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Stephen C. Pratt
Arizona State University
NestEcologyTemnothorax rugatulusTemnothoraxBiology
98Publications
30H-index
4,091Citations
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Publications 96
Newest
#1Takao Sasaki (University of Oxford)H-Index: 16
#2Leo Danczak (University of Oxford)
Last. Stephen C. Pratt (ASU: Arizona State University)H-Index: 30
view all 5 authors...
ABSTRACT Many animals use information from conspecifics to change their behavior in adaptive ways. When a rock ant, Temnothorax albipennis, finds food, she returns to her colony and uses a method called tandem running to lead nestmates, one at a time, from the nest to the food. In this way, naive ants can learn the location of a food source. Less clear is whether they also learn navigational cues that guide them from nest to food, although this is often assumed. We tested this idea by tracing th...
Source
#1Gabriele Valentini (ASU: Arizona State University)H-Index: 26
#2Naoki Masuda (SUNY: State University of New York System)H-Index: 36
Last. Stephen C. Pratt (ASU: Arizona State University)H-Index: 30
view all 8 authors...
The fitness of group-living animals often depends on how well members share information needed for collective decision-making. Theoretical studies have shown that collective choices can emerge in a homogeneous group of individuals following identical rules, but real animals show much evidence for heterogeneity in the degree and nature of their contribution to group decisions. In social insects, for example, the transmission and processing of information is influenced by a well-organized division...
1 CitationsSource
#1Gabriele ValentiniH-Index: 26
#2Naoki MasudaH-Index: 36
Last. Stephen C. PrattH-Index: 30
view all 8 authors...
The supplementary information contains figures and tables showing all steps of the analysis for each colony
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#1Hosain Bagheri (ASU: Arizona State University)H-Index: 1
#2Anna Hu (ASU: Arizona State University)
Last. Hamid Marvi (ASU: Arizona State University)H-Index: 2
view all 14 authors...
Source
#1Gabriele Valentini (ASU: Arizona State University)H-Index: 26
#2Nobuaki Mizumoto (ASU: Arizona State University)H-Index: 5
Last. Sara Imari Walker (ASU: Arizona State University)H-Index: 17
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Signals whose function is solely to coordinate communication are so far known only in human conversations [1] and telecommunication networks [2]. Utterances like “mm-hmm” [3], gestures such as the nodding of one9s head, or “ACK” packets used in Internet protocols to confirm the reception of a message [4] all coordinate communication. Rather than carrying domain-specific information [5−7], these signals are generic acknowledgements used by receivers to control the flow of sender information when ...
1 CitationsSource
#1Nobuaki Mizumoto (ASU: Arizona State University)H-Index: 5
#2Paul M. Bardunias (FAU: Florida Atlantic University)H-Index: 1
Last. Stephen C. Pratt (ASU: Arizona State University)H-Index: 30
view all 3 authors...
The nest structures built by social insects are complex group-level patterns that emerge from interactions among individuals following simple behavioral rules. The theory of complex systems predicts that there is no simple one-to-one relationship between variations in collective patterns and variation in individual behaviors; therefore, it is essential to know how actual behavior evolves to change pattern formation. Here we demonstrate that the evolutionary divergence of termite tunneling patter...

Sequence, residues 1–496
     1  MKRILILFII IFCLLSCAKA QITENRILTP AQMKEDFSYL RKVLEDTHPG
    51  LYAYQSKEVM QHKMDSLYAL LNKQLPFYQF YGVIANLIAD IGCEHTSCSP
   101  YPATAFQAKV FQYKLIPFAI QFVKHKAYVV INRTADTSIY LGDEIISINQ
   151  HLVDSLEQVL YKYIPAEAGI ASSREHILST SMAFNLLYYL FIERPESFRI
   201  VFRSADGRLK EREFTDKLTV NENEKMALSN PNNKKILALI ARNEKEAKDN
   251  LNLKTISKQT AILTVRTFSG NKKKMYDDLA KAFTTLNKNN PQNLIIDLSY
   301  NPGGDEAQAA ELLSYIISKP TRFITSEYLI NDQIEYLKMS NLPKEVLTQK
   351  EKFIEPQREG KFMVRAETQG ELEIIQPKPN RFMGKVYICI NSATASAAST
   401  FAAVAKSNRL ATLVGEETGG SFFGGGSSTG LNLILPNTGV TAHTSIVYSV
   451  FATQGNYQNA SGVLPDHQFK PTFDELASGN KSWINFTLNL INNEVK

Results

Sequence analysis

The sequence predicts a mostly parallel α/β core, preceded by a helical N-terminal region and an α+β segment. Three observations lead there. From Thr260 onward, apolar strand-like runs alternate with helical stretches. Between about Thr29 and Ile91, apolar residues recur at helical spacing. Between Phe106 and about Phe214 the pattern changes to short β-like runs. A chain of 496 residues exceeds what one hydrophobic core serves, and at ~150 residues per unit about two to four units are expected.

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#1Takao Sasaki (University of Oxford)H-Index: 16
#2Benjamin Stott (University of Oxford)H-Index: 1
Last. Stephen C. Pratt (ASU: Arizona State University)H-Index: 30
view all 3 authors...
The study of rational choice in humans and other animals typically focuses on decision outcomes, but rationality also applies to decision latencies, especially when time is scarce and valuable. For...
Source
#1Gabriele Valentini (ASU: Arizona State University)H-Index: 26
#2Naoki Masuda (SUNY: State University of New York System)
Last. Stephen C. Pratt (ASU: Arizona State University)H-Index: 30
view all 8 authors...
The fitness of group-living animals often depends on the efficiency with which members share information about resources, so that the group can collectively decide how best to allocate its efforts. Theoretical studies have shown that collective choices can emerge from homogeneous individuals following identical rules, but real animals show much evidence for heterogeneity in the degree and nature of their contribution to group decisions. In the social insects, for example, the transmission and pr...
Source
#1Takao SasakiH-Index: 1
#2Benjamin StottH-Index: 1
Last. Stephen C. PrattH-Index: 30
view all 3 authors...
1 CitationsSource
#1Madeleine M. Ostwald (ASU: Arizona State University)H-Index: 2
#2Zachary Shaffer (ASU: Arizona State University)H-Index: 3
Last. Jennifer H. Fewell (ASU: Arizona State University)H-Index: 35
view all 4 authors...
The advantages of group living are partially offset by the cognitive challenges associated with maintaining social boundaries. These challenges can give rise to recognition mechanisms that adaptively integrate information across multiple sensory modalities. The valley carpenter bee, Xylocopa varipuncta, nests in dead wood in large aggregations of up to several dozen nests. This study investigates the proximate mechanisms by which returning foragers quickly and reliably identify their own nest en...
2 CitationsSource
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